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The Governor has been working quietly behind the scenes since last year to get the same-sex marriage legislation to cross his desk. He says he'll sign it. That makes Maryland the first state south of the Mason-Dixon line to do so. Although the District has allowed same-sex marriage since March of 2010, so it's not the first jurisdiction south of the Mason-Dixon line to do so. (There is some "suck it, New Jersey" mixed in this, too.)

Across the Potomac, Virginia is continuing to anger me. I had an ancestor in the Jamestown colony. My rants about ultrasounds, birth control (someone in comments of The Washington Post actually said that they were trying to ban any contraception that could be construed as abortion -- IUD, pill, morning after pill, etc. That would leave the diaphragm for a woman to control her reproduction options or trusting that her partner will use a condom every time.), and the most repressive DOMA in the country tend to begin with the phrase, "My ancestors didn't found that Commonwealth to have it make such boneheaded laws..."

Fortunately, some of my relatives were in Maryland, too. *G*
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Confederate Month?!? Really?

Look, my great-great-grandfather (I think that's right, my dad's great-grandfather) joined the Confederate Army at the age of 16 to participate as a defender at the siege of Richmond. I think it's correct for the Confederate flag to fly over Confederate military graveyards. Nowhere else, ever.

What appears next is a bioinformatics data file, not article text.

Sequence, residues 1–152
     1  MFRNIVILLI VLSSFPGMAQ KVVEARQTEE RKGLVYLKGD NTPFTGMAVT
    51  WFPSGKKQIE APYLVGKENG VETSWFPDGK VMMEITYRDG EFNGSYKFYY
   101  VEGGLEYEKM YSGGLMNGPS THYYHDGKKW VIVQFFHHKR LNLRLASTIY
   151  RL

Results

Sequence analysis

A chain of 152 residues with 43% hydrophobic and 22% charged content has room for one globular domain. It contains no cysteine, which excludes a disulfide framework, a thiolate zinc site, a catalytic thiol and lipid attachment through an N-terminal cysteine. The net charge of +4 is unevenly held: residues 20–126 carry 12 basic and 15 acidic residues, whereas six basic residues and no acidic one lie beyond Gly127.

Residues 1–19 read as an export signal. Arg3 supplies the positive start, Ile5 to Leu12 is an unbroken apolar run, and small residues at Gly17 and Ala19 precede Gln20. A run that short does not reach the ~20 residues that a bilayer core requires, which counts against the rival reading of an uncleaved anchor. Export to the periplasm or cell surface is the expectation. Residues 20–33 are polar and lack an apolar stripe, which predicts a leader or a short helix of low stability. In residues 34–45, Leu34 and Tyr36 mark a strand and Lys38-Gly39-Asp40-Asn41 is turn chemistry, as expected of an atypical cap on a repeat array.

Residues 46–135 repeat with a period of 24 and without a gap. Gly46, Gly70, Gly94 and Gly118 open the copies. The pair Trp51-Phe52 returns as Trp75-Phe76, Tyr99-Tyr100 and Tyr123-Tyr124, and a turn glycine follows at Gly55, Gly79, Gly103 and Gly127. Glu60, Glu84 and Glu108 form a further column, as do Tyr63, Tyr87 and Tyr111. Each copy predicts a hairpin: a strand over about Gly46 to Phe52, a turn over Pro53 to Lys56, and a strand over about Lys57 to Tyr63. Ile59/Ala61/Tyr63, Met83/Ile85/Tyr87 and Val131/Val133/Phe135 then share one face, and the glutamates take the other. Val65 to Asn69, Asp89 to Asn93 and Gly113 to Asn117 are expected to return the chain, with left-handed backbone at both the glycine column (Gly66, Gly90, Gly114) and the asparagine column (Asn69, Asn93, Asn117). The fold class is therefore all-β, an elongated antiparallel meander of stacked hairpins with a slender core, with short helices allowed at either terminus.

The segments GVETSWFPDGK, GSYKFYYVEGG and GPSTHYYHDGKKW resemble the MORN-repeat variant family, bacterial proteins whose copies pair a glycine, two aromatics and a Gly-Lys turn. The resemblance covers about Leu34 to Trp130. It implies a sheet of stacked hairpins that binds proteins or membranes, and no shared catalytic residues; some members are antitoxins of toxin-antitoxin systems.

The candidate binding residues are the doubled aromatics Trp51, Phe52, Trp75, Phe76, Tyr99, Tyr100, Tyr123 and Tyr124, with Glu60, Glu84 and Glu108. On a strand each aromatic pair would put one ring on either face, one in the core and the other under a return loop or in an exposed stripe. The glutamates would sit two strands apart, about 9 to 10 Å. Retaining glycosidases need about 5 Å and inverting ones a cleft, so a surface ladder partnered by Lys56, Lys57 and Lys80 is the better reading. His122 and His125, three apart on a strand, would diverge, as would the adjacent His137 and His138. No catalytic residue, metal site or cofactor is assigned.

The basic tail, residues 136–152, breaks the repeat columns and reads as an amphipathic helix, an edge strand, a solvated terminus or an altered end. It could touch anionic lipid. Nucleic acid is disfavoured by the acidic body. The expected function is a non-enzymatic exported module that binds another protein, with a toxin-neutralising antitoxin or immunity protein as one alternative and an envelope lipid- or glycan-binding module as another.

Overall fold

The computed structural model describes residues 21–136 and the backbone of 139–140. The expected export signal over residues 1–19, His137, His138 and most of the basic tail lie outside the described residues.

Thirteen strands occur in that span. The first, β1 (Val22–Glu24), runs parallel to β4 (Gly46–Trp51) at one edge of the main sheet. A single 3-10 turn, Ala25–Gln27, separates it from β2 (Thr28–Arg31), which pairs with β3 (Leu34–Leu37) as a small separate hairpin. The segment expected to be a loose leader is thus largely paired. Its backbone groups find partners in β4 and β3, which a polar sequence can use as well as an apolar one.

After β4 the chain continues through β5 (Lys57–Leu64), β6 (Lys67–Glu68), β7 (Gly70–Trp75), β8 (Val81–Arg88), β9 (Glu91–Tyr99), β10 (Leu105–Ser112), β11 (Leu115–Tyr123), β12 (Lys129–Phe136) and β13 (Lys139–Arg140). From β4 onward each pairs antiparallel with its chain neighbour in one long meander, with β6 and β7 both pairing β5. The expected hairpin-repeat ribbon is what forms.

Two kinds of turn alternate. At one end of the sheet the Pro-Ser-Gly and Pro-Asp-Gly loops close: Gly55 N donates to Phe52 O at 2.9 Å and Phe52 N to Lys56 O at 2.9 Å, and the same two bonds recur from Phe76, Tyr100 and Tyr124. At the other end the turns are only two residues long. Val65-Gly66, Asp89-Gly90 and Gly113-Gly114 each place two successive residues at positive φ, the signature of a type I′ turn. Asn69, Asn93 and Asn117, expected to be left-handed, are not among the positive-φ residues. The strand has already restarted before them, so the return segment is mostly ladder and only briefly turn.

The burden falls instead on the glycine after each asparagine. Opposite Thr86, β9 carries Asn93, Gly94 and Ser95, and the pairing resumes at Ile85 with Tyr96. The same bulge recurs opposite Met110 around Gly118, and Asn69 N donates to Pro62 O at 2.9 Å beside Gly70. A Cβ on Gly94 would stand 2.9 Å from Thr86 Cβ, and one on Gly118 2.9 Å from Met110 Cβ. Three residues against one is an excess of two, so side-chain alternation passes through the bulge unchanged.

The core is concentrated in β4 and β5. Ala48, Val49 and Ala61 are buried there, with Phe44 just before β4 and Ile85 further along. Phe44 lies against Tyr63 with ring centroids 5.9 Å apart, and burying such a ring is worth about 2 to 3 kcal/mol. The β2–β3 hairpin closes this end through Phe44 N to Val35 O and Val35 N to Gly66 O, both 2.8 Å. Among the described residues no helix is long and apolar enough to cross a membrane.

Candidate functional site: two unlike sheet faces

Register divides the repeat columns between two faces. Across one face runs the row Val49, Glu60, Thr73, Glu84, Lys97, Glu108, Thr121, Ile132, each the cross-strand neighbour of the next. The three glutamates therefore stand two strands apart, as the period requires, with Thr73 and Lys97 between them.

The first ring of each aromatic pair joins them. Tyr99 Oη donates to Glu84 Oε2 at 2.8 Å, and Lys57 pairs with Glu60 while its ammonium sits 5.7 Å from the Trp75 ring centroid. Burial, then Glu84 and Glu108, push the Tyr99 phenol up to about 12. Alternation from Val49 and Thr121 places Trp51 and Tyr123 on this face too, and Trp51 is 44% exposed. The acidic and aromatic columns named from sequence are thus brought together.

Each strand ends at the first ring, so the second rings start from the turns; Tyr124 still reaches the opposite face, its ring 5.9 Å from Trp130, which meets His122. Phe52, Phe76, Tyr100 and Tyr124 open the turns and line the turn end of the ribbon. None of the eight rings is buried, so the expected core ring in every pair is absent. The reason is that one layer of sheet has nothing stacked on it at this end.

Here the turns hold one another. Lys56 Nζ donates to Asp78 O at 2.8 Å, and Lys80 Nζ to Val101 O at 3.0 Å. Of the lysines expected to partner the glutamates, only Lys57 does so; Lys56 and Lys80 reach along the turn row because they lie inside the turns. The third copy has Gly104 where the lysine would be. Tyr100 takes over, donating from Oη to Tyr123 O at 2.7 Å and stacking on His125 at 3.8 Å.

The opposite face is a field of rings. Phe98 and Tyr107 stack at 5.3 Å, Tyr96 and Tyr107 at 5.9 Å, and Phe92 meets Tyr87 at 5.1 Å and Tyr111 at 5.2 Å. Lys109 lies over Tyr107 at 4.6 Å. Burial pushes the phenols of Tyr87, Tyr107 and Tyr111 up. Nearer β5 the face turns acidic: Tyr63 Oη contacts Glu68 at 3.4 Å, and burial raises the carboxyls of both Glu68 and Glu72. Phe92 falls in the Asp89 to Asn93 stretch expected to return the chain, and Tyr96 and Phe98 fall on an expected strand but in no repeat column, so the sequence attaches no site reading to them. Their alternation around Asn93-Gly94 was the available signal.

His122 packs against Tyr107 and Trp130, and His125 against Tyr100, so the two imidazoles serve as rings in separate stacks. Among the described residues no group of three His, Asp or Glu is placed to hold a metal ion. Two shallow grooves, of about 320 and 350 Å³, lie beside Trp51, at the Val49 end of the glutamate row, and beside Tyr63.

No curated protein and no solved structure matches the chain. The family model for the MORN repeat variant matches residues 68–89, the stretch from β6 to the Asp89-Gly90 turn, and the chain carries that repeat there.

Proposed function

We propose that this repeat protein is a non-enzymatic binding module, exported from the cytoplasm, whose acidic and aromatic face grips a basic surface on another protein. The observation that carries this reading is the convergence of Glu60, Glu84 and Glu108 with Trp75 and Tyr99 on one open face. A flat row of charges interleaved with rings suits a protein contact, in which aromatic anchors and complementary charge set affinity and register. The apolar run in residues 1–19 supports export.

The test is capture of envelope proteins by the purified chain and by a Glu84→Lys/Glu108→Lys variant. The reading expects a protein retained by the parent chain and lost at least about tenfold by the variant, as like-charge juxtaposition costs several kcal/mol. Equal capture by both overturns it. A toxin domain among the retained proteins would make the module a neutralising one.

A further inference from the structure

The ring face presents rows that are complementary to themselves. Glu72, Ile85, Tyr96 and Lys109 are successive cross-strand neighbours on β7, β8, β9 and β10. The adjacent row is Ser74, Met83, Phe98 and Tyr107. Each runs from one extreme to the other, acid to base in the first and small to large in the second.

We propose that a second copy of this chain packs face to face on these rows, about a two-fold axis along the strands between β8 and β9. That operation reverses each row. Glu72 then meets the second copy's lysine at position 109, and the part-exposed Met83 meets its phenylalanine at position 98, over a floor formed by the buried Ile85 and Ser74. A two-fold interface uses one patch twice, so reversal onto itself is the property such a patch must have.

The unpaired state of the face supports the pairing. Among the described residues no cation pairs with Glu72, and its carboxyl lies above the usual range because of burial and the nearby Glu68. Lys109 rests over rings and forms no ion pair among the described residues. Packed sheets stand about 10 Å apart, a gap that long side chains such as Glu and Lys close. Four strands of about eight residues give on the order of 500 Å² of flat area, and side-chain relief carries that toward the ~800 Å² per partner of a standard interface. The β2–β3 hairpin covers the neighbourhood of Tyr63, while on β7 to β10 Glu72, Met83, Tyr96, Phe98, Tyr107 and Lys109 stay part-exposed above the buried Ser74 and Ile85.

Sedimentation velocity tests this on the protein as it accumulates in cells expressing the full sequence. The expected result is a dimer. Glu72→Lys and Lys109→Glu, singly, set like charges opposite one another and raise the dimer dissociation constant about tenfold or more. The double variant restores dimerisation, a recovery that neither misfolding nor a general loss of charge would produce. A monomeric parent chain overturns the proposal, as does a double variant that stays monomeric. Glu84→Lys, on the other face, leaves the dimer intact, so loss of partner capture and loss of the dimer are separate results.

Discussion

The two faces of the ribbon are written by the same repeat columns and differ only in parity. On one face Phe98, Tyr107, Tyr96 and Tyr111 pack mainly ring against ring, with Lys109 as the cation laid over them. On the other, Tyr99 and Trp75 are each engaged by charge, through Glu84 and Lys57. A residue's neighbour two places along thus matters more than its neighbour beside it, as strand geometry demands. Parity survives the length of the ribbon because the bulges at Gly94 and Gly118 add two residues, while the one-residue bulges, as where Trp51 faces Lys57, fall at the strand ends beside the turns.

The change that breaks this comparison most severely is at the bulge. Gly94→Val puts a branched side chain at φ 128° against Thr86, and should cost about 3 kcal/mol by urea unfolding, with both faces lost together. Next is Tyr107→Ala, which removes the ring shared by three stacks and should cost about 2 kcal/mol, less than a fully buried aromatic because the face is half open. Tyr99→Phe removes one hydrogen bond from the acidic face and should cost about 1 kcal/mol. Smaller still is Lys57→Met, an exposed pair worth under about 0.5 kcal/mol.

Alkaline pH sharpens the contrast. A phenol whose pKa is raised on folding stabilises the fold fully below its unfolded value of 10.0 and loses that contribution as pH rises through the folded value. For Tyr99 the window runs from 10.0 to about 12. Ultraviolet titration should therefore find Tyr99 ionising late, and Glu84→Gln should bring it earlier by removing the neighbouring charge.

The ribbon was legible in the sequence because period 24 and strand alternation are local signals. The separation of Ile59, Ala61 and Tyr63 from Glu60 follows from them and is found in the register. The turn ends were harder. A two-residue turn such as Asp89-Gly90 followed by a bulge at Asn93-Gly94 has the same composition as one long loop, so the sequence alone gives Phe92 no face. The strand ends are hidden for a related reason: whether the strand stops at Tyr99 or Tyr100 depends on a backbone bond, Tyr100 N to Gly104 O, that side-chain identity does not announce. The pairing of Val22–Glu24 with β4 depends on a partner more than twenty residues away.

But to commemorate the Confederacy sends the wrong message. No. It sends the right message. The message it's sending is that the Commonwealth of Virginia -- the cradle of Democracy in the United States -- no longer cares about being part of the larger society. It's sending the message that they are so appalled by gay rights, a black man in the Oval Office, or the promulgation of evolution that they would rather commemorate the most shameful decision of their past (and remember, Virginia was the final state to join the Confederacy and the fight in the legislature was bitter) than be part of the modern world.


Mar. 6th, 2010 05:43 pm
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People occasionally ask me why I don't live in Virginia. It's cheaper than Maryland or the District. Plus, my ancestors founded the Commonwealth of Virginia, or at least participated in the Jamestown colony. It's a beautiful place.

It's a beautiful place with poison in its heart. Loving vs Virginia was the last gasp of anti-miscegnation laws. It is second only to Texas in the number of people it's put to death since the death penalty ban was overturned in 1976.

And it is the home of the most repressive DOMA in the country. Now it's attorney general wants to interfere with the academic freedoms of the state university system. The Washington Post article is here. Basically, he doesn't think they should have any wording forbidding discrimination on the basis of sexual orientation, gender identity, or gender expression because the laws of the Commonwealth don't permit it.

I do not spend my money in Virginia. I won't even buy a cup of coffee from the Alexandria Dunkin' Donuts.